Grass Species and Nitrogen Runoff


2011 Fairfax County Regional Science and Engineering Fair

The abstract below was written by the student. The Northern Virginia Soil and Water Conservation District made no editorial changes.

Grass Species and Nitrogen Runoff

by Rachel Campbell, West Potomac High School

Abstract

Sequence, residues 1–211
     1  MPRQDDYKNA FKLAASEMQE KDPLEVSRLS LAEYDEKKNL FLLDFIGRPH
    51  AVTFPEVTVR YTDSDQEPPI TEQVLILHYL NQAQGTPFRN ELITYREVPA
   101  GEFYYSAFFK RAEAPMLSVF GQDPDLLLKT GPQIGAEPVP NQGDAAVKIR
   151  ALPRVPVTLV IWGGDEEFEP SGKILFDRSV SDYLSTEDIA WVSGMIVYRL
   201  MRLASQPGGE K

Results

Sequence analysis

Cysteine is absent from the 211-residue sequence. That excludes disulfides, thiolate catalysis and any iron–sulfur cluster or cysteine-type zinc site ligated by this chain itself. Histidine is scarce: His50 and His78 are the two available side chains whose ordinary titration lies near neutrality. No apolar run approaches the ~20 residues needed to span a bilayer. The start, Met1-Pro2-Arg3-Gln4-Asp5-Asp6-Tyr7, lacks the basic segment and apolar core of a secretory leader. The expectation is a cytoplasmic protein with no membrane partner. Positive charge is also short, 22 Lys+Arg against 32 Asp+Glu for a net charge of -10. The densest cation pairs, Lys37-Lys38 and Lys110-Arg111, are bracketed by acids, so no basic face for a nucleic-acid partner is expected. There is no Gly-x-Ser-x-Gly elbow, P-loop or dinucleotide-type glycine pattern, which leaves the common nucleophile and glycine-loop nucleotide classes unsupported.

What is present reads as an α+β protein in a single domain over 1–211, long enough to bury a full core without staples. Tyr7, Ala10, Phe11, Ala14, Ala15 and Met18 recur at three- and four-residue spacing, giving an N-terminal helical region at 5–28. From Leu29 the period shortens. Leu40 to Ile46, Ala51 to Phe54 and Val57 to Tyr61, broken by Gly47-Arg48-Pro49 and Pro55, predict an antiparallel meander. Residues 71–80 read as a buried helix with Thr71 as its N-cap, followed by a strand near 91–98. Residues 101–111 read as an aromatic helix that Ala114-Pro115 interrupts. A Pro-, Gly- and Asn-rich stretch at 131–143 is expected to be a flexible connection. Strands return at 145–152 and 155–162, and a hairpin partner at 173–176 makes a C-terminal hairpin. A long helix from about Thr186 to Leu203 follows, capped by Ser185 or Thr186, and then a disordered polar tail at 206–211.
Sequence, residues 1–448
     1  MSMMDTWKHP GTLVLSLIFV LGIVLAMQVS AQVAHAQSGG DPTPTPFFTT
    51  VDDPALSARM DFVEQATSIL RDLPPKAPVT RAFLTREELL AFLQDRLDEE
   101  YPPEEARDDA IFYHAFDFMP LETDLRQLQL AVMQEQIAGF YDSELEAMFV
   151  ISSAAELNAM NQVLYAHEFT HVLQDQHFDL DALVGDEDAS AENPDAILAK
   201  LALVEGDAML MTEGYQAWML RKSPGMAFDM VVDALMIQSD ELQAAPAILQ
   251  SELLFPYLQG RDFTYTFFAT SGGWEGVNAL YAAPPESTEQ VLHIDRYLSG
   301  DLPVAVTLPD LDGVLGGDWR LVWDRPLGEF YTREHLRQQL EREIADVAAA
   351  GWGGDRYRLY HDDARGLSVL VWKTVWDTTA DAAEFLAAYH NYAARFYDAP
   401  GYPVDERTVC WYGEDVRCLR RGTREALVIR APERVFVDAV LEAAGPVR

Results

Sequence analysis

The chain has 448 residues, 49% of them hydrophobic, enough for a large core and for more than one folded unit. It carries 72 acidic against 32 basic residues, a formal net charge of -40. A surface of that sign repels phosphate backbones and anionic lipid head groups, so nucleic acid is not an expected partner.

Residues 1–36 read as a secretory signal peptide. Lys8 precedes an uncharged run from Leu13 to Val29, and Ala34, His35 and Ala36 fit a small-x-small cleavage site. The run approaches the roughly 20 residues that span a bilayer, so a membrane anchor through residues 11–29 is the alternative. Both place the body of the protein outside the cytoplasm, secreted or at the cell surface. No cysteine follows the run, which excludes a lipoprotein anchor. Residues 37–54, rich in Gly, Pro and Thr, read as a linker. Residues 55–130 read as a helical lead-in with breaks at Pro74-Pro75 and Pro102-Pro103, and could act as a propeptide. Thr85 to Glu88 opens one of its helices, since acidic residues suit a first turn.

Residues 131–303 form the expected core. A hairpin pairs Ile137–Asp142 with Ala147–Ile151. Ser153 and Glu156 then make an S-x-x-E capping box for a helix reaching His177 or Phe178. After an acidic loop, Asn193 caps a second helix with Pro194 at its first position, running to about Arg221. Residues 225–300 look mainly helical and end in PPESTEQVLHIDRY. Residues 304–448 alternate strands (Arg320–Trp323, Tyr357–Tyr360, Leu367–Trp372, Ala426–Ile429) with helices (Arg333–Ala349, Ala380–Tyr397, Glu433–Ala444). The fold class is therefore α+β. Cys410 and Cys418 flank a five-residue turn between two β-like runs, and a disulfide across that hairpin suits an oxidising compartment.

High nitrogen levels found in various waterways cause an excess of nutrients which result in oxygen deprivation and fish deaths. Is there a grass species that prevents nitrogen from lawn fertilizers, from getting into runoff and eventually finding its way into waterways? This project looks at which grass species is best at preventing high nitrogen levels found in runoff from three different fertilizer amounts.  Each grass species were watered with no fertilizer, the recommended amount of fertilizer, and double the recommended amount of fertilizer; then the collected runoff was tested using nitrogen test strips. My hypothesis was the Kentucky bluegrass would produce the lowest Nitrogen levels found in fertilizer runoff compared to the other grass species. The experimental results rejected my hypothesis by showing that Rye grass produced the lowest nitrogen levels found in fertilizer runoff, regardless of the fertilizer amount. The experimental results also showed that Kentucky bluegrass produced the highest nitrogen levels found in fertilizer runoff of the three grass species tested; Kentucky bluegrass, Rye grass, and Tall fescue.


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